Vote for the Best Grassroots Football Story in Wales
McDonald’s Community Football
30 March 2020

Vote for the Best Grassroots Football Story in Wales


The FAW McDonald's Grassroots Football Awards have a new category and it's time for you to select your winner. 

In 2019, the amazing story of Barry Town United pan disability coach Chloe McBratney inspired us to create the new category for our People's Award and now it's time for you to vote for the inaugural winner.

Read the story of each awesome contender here and vote for your winner below...


Ellie was selected as a young advisor as part of the newly formed #TrustInUs project, which aimed to encourage teenage girls to engage with football through playing, leading, promoting or volunteering.

She stood out as someone who wanted to create opportunities for young people in her rural area and apply herself to developing both personally and as a leader. 

Ellie claimed that she found a new purpose and a reason to get up and do something positive through the project

She is now sitting on the Sport and Recreation Steering Group as well as becoming a Youth Sport Trust Young Advisor.


While participating in the 2019 Welsh Super Cup, in Cardiff ,the Rhymney Junior under 14 team were drawn in the same group as Lidi Ndogo Academy, from Kenya.

The Kenyan team were made up of players of mixed ages and abilities from a children's home.

Their kit was mostly borrowed, well-worn and broken. 

The Rhymney Juniors players got together and decided they would donate their spare kit to the Kenyan team at the end of the tournament.

They didn’t stop there, the U14 team decided to ask the club's other age-groups to donate kit to take back to Kenya.


Delwyn is the founder of Bellevue Football Club in Wrexham.

Started in the autumn of 2016, Bellevue FC are a multi-ethnic and inclusion specific football club, with all the players being foreign nationals, from BAME backgrounds, have mental health issues or learning difficulties.

The team competes in the North East Wales Football League, playing across the counties of Wrexham and Flintshire.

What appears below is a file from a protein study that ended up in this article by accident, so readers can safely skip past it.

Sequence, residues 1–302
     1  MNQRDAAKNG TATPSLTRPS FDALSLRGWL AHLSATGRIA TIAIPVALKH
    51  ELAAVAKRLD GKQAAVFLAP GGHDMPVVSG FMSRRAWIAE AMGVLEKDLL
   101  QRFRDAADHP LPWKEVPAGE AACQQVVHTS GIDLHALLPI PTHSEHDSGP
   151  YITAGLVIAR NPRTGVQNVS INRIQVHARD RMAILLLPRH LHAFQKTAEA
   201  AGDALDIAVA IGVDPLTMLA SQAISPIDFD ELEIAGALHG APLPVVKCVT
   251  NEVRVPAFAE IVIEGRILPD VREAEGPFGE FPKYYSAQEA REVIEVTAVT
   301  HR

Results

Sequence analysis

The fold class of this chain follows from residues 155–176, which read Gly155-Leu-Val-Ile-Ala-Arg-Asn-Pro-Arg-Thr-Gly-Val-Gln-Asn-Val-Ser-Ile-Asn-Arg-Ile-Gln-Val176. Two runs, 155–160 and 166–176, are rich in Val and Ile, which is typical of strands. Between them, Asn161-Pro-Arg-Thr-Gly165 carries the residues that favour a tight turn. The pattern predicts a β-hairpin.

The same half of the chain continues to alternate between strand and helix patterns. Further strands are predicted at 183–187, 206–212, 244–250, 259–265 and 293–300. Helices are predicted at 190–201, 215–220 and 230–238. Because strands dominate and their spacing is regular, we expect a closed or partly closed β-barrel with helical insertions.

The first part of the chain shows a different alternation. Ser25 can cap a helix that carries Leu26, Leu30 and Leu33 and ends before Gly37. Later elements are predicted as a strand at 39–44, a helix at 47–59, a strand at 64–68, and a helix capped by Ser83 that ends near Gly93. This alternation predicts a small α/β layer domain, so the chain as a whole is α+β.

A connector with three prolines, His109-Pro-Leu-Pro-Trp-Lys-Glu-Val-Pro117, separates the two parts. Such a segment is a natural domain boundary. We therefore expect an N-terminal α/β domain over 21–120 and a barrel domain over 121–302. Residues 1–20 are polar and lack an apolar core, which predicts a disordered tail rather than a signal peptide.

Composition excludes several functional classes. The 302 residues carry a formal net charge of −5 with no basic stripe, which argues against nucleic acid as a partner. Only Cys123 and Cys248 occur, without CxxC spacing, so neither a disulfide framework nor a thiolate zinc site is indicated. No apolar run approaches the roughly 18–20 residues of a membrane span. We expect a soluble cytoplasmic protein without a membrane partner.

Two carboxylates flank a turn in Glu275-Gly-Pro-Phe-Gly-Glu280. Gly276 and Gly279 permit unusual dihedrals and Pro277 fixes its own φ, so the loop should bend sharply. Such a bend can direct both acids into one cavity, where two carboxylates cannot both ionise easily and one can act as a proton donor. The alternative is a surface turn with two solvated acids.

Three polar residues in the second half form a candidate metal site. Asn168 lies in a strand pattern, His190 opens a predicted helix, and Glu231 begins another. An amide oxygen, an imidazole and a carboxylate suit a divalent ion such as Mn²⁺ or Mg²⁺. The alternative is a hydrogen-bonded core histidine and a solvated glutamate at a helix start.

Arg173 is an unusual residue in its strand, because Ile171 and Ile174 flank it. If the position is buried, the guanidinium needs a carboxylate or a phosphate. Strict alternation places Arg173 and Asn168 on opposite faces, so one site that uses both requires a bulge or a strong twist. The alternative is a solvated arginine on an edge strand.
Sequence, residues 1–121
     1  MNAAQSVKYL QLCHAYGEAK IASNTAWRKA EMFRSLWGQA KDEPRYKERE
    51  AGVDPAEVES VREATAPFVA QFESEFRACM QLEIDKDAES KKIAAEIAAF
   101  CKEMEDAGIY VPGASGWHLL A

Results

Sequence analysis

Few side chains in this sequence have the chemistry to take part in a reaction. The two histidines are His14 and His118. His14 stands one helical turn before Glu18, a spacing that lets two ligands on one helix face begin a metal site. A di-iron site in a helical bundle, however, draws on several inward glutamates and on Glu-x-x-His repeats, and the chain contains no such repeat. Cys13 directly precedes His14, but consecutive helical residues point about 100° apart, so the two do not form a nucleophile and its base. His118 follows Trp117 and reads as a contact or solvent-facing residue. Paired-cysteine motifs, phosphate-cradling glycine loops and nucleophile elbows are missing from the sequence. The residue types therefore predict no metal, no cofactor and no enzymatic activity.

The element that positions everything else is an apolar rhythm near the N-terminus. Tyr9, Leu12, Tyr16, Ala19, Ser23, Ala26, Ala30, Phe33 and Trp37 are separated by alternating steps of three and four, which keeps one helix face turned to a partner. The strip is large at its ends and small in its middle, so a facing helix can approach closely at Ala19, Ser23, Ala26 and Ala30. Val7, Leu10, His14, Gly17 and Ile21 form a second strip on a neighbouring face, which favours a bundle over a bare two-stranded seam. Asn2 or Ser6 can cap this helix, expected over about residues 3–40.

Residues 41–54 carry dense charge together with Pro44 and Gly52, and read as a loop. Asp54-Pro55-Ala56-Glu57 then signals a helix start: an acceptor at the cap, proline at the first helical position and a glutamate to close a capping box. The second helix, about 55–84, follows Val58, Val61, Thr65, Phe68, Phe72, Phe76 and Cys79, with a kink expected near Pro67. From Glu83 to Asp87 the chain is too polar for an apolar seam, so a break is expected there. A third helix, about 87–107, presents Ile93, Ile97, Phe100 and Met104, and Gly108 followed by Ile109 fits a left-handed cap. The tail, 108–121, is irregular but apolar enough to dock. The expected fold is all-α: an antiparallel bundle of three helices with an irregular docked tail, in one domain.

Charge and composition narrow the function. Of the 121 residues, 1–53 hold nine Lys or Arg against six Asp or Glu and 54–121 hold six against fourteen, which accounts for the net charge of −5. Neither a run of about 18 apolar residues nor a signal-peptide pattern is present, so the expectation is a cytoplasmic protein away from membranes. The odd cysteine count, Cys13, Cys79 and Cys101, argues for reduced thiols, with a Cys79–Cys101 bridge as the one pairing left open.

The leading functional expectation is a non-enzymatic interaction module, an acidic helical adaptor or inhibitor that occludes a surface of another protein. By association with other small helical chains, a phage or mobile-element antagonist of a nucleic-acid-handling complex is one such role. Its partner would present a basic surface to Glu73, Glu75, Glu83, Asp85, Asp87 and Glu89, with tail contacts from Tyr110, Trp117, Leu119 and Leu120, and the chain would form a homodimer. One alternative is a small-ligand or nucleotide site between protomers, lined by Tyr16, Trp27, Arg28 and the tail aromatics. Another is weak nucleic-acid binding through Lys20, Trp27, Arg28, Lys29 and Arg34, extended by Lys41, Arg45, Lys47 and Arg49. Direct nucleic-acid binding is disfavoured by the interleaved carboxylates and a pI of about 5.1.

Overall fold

Delwyn’s vision is to create social integration and community cohesion through football as an educational tool.

Now into their fourth year as a club, Delwyn has expanded the offer, creating a support network with football as the unifying factor.

The club have worked alongside organisations such as Kick it Out, Fans for Diversity, the Football Supporters Federation, Show Racism the Red Card, Football V Homophobia, Level Playing Field, and the Wrexham Disabled Supporters Association.

He offers support and mentorship to his players through linking with these organisations, thus helping players gain learning support, advice when job hunting and supporting asylum cases.

His commitment and dedication have created a truly welcoming and supportive club to all. 


Garmon joined Kinmel Bay FC's visually impaired group when he was five-years-old. 

His sight is akin to a night vision. At the point he started his football journey he often struggled to keep up with his friends when involved in practical activities.

His parents were concerned that he would be unable to play in a team with his friends.

During four seasons spent at Kinmel Bay, Garmon learned all the football techniques and through his patience and dedication became more confident at mastering skills.

From the start he was determined that we would be a position one day to play mainstream football.

Garmon’s dad created an U10 team in their village (Henllan FC) and Garmon was gradually introduced to playing mainstream football with his friends.

Now 12-years-old, he plays as a central holding midfielder in an 11 a-side team.

It has taken a number of years for Garmon to adapt and master the game but the outcome he has achieved is incredible.


Garen has Parkinson’s Disease and last year, along with other Parkinson’s players, entered the ‘Ray Kennedy Cup’ in Denmark.

Upon his return, he had a vision along with others to create the ‘Cure Parkinsons Cup’ and for two teams from Wales to compete in the event.

After a lot of hard work and determination the inaugural ‘Cure Parkinson’s Cup’ is scheduled to take place at Sixways Stadium later this year.

By creating this event and new teams, people in a similar position have returned to football or even started playing the game for the first time.


Following their support of the FAW Trust/Urdd after-school programme, the club have established a junior girl’s section for the very first time.

There was a lack of opportunities for girls to access football in the centre of Carmarthenshire, so this development is critical to help ensure equal opportunities and provision.

The tireless work of club officials and coaches to recruit new players through their work with local primary schools has come to fruition and the club has now established under 8, 10 and 12 girls only teams.

Drefach are set to launch a weekly ‘Huddle’ session, aimed at those girls new to the game. 



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